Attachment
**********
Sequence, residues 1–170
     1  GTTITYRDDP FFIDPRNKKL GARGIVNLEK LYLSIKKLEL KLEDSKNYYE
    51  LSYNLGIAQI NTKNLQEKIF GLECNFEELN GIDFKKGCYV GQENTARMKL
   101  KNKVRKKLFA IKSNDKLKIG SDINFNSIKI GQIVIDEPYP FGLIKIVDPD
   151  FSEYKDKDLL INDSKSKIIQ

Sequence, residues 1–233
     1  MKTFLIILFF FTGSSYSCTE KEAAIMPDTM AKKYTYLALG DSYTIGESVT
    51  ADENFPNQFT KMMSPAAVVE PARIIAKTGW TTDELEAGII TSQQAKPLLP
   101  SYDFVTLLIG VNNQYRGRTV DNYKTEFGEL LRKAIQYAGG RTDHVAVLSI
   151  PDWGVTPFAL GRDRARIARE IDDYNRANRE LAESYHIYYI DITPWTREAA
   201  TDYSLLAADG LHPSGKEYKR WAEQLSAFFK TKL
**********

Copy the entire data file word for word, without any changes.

Sequence, residues 1–170
     1  GTTITYRDDP FFIDPRNKKL GARGIVNLEK LYLSIKKLEL KLEDSKNYYE
    51  LSYNLGIAQI NTKNLQEKIF GLECNFEELN GIDFKKGCYV GQENTARMKL
   101  KNKVRKKLFA IKSNDKLKIG SDINFNSIKI GQIVIDEPYP FGLIKIVDPD
   151  FSEYKDKDLL INDSKSKIIQ

Sequence, residues 1–233
     1  MKTFLIILFF FTGSSYSCTE KEAAIMPDTM AKKYTYLALG DSYTIGESVT
    51  ADENFPNQFT KMMSPAAVVE PARIIAKTGW TTDELEAGII TSQQAKPLLP
   101  SYDFVTLLIG VNNQYRGRTV DNYKTEFGEL LRKAIQYAGG RTDHVAVLSI
   151  PDWGVTPFAL GRDRARIARE IDDYNRANRE LAESYHIYYI DITPWTREAA
   201  TDYSLLAADG LHPSGKEYKR WAEQLSAFFK TKL